Recovered piece of correspondence from my archives

Dear ________,

On finally re-entering the wreckage of the conservatory this morning I came upon a charred but salvageable copy of the pencilled notes I had previously made for an important message to you. Of course, by now I haven’t a clue what they were all supposed to mean, or how they assemble to form a creature (I am the sort of chap who can barely remember why I came to a room half-a-minute after I arrive in it, so there was never much hope on this front). I am therefore sending them “raw” and trusting that you can string together these discordant scraps to conjure some sort of well-crafted and genial missive. I am sorry I only ever send you lists.

Transcription of Found Notecards (reflecting minor errata and emendation):
[my own present comments in brackets]


  • need update on the progress of collectivising the Midwestern automotive plants; not a full memorandum with subparts and appendices, but obviously an “It’s done!” or a “We’re workin’ on it!” would give useful guidance with which to direct my own [unintelligible]
  • now alarmingly apparent that I ought to have been spending more time teaching small children about participatory economics and far less time looking at waistcoats in shop-windows and pretending to study the laws. Goodbye slowly, my twenties!
  • had touch of the melancholies today because think I accidentally atheized a Jehovah’s Witness who showed up on the doorstep. Whoops.
  • politely declining bomb threats and the like
  • a professor who once told me that “Brazilian history is written from the hammock.” What does this mean??? [sic]
  • deep mistrust of horses
  • suggestions for a new kind of social fable (narrated by an affable jerboa?)
  • new plan: depart the quadrangles, travel by rail, Patagonia, purchase a Trabant and paint it like John Lennon’s Rolls
  • with which she once led a counterinsurgency, though she would herself have described it more casually [out of modesty? why?]
  • feel as if it would be best to die either in a shootout with reactionaries or be eaten by whales.
  • still unsure from where moral values derive; allowed to pluck them from the cosmos?
  • the man who mistakenly wore his cravat to a gymnasium. [note: this appears to have been the proposed title for a collection of similarly-themed stories about (predictably) a gentleman mistakenly wearing his cravat in various unacceptable places — see this rough proposed piece of cover art which was recovered near the site of the notes: ]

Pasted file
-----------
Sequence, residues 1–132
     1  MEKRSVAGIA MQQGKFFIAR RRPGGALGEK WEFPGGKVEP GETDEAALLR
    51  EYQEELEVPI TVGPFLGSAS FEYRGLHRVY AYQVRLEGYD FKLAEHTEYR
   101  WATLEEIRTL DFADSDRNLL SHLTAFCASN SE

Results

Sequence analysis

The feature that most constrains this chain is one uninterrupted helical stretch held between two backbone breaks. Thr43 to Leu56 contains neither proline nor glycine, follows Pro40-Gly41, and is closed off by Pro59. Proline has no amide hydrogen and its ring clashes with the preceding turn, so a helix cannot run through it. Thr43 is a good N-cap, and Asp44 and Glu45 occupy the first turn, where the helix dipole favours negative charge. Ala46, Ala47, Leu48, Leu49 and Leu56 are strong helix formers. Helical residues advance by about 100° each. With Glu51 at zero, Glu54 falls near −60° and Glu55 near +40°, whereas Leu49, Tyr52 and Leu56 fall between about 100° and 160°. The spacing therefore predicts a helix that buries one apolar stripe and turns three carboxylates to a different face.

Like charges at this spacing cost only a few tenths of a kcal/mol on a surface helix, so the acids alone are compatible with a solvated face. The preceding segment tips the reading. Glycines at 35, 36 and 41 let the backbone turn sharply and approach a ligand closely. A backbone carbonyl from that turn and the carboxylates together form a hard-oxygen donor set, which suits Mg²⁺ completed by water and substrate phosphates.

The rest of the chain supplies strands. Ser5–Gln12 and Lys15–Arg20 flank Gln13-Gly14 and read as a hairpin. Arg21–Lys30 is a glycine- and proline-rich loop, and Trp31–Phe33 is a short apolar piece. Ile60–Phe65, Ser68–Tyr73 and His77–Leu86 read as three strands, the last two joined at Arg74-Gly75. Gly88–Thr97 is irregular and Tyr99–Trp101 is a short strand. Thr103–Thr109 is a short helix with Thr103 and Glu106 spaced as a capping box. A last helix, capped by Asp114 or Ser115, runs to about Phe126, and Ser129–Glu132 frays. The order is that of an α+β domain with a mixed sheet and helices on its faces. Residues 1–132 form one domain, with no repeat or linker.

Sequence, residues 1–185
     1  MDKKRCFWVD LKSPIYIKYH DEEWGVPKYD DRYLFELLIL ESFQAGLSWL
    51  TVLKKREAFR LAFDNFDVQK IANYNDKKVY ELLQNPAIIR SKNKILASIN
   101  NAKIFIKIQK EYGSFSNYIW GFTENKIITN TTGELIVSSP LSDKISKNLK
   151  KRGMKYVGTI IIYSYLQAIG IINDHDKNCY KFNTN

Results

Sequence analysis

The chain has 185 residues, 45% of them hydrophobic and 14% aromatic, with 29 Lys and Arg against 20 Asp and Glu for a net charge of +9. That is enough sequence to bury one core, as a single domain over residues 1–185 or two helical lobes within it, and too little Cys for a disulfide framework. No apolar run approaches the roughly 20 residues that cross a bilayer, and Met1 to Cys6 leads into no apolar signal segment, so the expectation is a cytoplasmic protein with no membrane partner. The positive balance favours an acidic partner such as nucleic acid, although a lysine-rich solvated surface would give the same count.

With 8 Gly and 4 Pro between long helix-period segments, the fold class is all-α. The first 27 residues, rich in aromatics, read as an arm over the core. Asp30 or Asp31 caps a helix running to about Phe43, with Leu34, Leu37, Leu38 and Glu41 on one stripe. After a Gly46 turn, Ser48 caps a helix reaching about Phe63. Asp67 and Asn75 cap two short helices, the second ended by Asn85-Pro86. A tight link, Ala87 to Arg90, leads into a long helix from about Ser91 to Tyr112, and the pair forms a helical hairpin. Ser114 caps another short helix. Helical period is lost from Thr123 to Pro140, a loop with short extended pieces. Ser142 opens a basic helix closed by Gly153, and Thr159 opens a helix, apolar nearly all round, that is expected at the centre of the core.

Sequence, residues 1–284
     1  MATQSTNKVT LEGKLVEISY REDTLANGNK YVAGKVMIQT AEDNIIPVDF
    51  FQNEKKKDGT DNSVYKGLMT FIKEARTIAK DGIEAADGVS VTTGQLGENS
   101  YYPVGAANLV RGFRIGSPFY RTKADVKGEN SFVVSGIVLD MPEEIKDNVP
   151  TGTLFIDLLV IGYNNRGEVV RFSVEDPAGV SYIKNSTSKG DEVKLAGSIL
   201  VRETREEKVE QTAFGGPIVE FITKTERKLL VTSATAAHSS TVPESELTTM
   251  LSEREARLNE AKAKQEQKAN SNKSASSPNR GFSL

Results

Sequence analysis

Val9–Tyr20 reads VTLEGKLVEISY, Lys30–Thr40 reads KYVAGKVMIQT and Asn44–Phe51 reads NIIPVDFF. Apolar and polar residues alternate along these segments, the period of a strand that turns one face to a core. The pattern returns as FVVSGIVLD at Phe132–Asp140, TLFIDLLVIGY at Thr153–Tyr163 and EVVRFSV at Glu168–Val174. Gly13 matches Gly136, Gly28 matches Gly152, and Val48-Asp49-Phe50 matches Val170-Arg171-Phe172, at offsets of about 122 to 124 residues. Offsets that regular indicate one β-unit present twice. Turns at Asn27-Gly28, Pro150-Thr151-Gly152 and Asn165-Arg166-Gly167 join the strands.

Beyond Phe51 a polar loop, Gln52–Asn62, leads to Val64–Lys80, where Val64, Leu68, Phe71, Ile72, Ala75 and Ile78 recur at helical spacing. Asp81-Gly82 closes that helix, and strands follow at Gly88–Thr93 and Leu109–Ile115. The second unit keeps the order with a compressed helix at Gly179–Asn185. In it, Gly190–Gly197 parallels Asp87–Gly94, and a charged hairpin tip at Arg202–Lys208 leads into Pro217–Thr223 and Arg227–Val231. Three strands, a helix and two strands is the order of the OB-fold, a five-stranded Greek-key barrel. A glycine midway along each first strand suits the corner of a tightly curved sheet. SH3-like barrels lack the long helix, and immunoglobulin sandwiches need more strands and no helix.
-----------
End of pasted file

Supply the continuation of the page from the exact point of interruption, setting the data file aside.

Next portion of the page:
• increasingly favour abolition of colleges (not the edification chamber advertised in brochures, but a pen for keeping the young until all willpower wears off)
  • yes, best to spend some time in Latin America, but could I even pass an ideological competency test for the Diplomatic Service??
  • “treating your adversary with respect is giving him an advantage to which he is not entitled.” Discuss.
  • “solitude is the playfield of Satan.” Discuss.
  • the three kinds of regicide – (a) colloquial [bottom half of notecard smeared in lipstick]
  • whether vanguardism is a fit subject for poetry

[remainder of notecards too scorched to decipher]

As I said, unclear how the fragments were all supposed to come together. A portion of them may not have actually been intended for you; they were mixed in with a folder marked “Insurance Papers,” so likely some of this pertains to insurance instead.

Finally, here is a quotation from Rosa Luxemburg’s Selected Political Writings:

“Business is flourishing upon the ruins. Cities are turned to rubble, whole countries into deserts, villages into cemeteries, whole populations into beggars, churches into stables. International law, treaties, alliances, the holiest words and the highest authorities have been torn into scraps. Every sovereign by the grace of God is called a cretin, an unfaithful wretch, by his cousin on the other side; every diplomat calls his colleague in the enemy’s country a crafty scoundrel; each government looks upon the other as the evil genius of its people, worthy only of the contempt of the world. Hunger revolts in Venetia, in Lisbon, in Moscow, in Singapore; plague in Russia; misery and desperation everywhere. Shamed, dishonored, wading in blood and dripping with filth–THUS STANDS bourgeois society. And so it is. Not as we usually see it, pretty and chaste, playing the roles of peace and righteousness, of order, of philosophy, ethics and culture. It shows itself in its true, naked form–as a roaring beast, as an orgy of anarchy, as a pestilential breath, devastating culture and humanity.”

I trust that you are cheerful and well and so forth.

From a Buick 6,
Nathan J. Robinson


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